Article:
Multi-scale Information Extraction

Project Summary: 

One of the most useful applications of remote sensing is extracting thematic information and recognize patterns from raster images using image classification techniques (Jensen, 2016). Due to the low-cost and large-area coverage forest information, satellite remote sensing has been considered best for mapping broad scale forestry, as there are various methods for identifying patterns and various for such as classification, statistical analysis etc. (Franklin et al., 2003). Different objects on the earth’s surface have a different spectral reflectance and remittance properties (Al-doski, Mansor, & Shafri, 2013). Based on this idea, image classification is defined as the process of categorizing all pixels in an image or raw remotely sensed satellite data to obtain a given set of labels or land cover classes or themes (Kiefer, Lillesand, & Chipman, 2015).
There has always been a major concern with the scale issue, in the field of remote sensing as the level of spatial scale can influence the image attraction process and output (Wu & Li, 2009). When image pixels are smaller than the objects of interest, information extraction techniques like classification can be applied (Department of Geography, 2017). However, when image pixels are larger than the objects of interest the user has to choose alternate approaches, like statistical analysis/ regression analysis (Department of Geography, 2017). This assignment discusses about the application of classification technique on Landsat 5 image, exploring the statistical relationship among different variables for predicting leaf area index (LAI) and crown closure, and creating composite maps by combining classified layer and continuous variable information. The overall objective of this assignment can be summarized as :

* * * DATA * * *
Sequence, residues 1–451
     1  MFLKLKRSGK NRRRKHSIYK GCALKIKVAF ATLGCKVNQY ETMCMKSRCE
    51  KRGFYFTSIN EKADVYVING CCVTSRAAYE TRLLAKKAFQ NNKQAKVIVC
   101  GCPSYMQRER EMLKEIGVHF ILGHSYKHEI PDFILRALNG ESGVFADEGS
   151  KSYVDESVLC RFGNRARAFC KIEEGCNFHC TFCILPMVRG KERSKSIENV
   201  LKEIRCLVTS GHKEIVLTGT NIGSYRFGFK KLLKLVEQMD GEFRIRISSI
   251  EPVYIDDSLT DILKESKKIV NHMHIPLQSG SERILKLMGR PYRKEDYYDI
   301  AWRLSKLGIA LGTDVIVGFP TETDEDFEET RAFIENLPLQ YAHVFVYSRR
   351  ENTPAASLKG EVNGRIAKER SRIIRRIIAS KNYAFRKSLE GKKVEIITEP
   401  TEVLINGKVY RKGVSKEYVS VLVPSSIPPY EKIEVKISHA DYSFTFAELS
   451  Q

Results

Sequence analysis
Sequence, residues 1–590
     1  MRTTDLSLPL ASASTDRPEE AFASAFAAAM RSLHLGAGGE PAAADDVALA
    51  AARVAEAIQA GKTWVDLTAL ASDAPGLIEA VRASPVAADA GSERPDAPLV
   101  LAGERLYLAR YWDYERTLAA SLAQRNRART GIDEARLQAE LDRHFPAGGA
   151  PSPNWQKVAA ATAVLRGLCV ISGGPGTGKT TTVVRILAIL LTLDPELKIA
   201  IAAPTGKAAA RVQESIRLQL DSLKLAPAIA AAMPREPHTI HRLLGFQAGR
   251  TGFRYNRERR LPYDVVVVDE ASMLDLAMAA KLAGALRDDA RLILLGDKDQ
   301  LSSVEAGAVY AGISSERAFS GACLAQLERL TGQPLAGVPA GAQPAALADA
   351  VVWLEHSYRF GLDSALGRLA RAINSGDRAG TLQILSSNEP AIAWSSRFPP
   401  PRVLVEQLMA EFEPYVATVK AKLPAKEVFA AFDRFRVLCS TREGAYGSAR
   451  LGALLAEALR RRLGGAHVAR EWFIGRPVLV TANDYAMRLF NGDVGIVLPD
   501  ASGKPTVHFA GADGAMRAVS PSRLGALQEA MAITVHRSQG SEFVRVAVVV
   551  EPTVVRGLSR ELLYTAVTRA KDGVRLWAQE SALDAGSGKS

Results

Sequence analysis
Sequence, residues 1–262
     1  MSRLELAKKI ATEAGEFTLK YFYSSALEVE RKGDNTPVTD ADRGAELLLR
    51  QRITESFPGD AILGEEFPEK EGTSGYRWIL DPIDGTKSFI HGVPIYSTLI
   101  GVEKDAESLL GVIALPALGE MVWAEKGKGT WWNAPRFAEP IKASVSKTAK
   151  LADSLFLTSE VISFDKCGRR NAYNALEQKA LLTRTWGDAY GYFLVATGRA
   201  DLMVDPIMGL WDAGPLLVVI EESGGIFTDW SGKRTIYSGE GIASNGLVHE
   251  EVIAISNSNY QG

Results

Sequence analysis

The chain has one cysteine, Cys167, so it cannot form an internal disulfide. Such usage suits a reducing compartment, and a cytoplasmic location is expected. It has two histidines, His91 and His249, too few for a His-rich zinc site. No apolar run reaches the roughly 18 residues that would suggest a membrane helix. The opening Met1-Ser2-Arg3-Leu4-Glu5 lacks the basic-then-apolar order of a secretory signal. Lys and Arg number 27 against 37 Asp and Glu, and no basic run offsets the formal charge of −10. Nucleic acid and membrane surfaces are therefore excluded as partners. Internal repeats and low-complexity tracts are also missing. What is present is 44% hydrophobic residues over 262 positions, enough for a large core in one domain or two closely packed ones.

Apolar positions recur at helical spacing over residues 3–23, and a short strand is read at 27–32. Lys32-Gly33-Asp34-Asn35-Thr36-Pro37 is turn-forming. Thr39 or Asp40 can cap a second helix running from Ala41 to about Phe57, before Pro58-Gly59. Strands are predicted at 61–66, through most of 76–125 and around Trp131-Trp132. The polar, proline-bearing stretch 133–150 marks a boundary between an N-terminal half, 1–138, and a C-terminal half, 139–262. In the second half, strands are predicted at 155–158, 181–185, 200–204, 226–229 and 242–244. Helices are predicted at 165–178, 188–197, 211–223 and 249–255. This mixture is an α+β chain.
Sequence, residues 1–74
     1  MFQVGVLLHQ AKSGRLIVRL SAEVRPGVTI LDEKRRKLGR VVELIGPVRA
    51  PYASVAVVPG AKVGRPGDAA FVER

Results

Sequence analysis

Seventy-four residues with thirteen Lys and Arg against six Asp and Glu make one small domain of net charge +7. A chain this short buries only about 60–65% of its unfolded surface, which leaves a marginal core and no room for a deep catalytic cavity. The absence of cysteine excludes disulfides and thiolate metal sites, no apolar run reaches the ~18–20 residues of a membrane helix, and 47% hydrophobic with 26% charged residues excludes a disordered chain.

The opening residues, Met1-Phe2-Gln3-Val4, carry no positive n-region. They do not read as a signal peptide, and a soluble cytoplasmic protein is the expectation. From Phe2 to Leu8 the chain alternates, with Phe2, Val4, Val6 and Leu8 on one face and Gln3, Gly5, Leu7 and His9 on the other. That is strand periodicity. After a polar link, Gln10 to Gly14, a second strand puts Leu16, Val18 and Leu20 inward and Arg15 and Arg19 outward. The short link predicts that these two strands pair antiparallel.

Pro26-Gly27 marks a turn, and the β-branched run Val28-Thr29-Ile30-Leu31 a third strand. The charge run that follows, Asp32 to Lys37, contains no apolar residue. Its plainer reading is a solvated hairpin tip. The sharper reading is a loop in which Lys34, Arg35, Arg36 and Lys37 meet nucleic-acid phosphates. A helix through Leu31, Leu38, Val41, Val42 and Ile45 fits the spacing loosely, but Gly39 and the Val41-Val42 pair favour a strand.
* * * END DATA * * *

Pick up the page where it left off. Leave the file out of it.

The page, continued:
1. To perform a multi-scale information extraction of landcover and vegetation structure from Landsat TM imagery and DEM data, using classification and statistical modelling techniques
2. To evaluate and communicate the results of your analysis through accuracy statistics, construction of map products, and production of a formal lab report.



This assignment aimed at performing the supervised classification on Landsat 5 image based on the land cover data, creating two continuous variable maps of LAI index and crown closure, and creating two composite maps. In the supervised classification map, the overall accuracy was 60.667%, which was not high enough. The confusion matrix table showed that there were overlapping of land cover classes. Statistical analysis like regression analysis was useful in understanding which variable was a good predictor. The result obtained from the multiple regression analysis using six variables showed that the wetness variable had the highest coefficient of determination with LAI (R2 = 0.69) and crown closure (R2 = 0.52). However, while checking the assumption of the regression it was found out that the dependent variables (LAI and crown closure) were not normally distributed and the variance of the residuals were not homoscedastic. Hence, the result of the regression model cannot be entirely trusted. Two composite maps, produced by combining broadleaf forest land cover and LAI index and coniferous forest and crown closure, provided information regarding the distribution of LAI and crown closure ranges for the mentioned forest vegetation classes. For future studies, it is suggested to collect more ground truth data and use imagery of higher resolution. In addition, composites map can be created for multiple forest vegetation classes by combining those with Lai and crown closure. Different other indices like RSR, SAVI and MSAVI or slope and aspect could be also used in the regression model to see if those can make the model better, if time and resource permits.


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